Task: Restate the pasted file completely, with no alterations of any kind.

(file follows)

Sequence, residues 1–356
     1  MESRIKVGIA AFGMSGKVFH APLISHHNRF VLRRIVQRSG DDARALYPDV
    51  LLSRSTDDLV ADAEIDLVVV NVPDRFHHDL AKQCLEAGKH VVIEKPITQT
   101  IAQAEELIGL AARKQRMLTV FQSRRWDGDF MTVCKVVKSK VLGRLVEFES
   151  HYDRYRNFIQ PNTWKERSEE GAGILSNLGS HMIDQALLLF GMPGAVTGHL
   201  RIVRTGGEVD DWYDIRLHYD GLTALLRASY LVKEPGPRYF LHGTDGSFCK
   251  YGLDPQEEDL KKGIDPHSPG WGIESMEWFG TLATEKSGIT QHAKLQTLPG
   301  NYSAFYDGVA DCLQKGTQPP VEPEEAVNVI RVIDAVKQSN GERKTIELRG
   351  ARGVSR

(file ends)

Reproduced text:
Sequence, residues 1–356
     1  MESRIKVGIA AFGMSGKVFH APLISHHNRF VLRRIVQRSG DDARALYPDV
    51  LLSRSTDDLV ADAEIDLVVV NVPDRFHHDL AKQCLEAGKH VVIEKPITQT
   101  IAQAEELIGL AARKQRMLTV FQSRRWDGDF MTVCKVVKSK VLGRLVEFES
   151  HYDRYRNFIQ PNTWKERSEE GAGILSNLGS HMIDQALLLF GMPGAVTGHL
   201  RIVRTGGEVD DWYDIRLHYD GLTALLRASY LVKEPGPRYF LHGTDGSFCK
   251  YGLDPQEEDL KKGIDPHSPG WGIESMEWFG TLATEKSGIT QHAKLQTLPG
   301  NYSAFYDGVA DCLQKGTQPP VEPEEAVNVI RVIDAVKQSN GERKTIELRG
   351  ARGVSR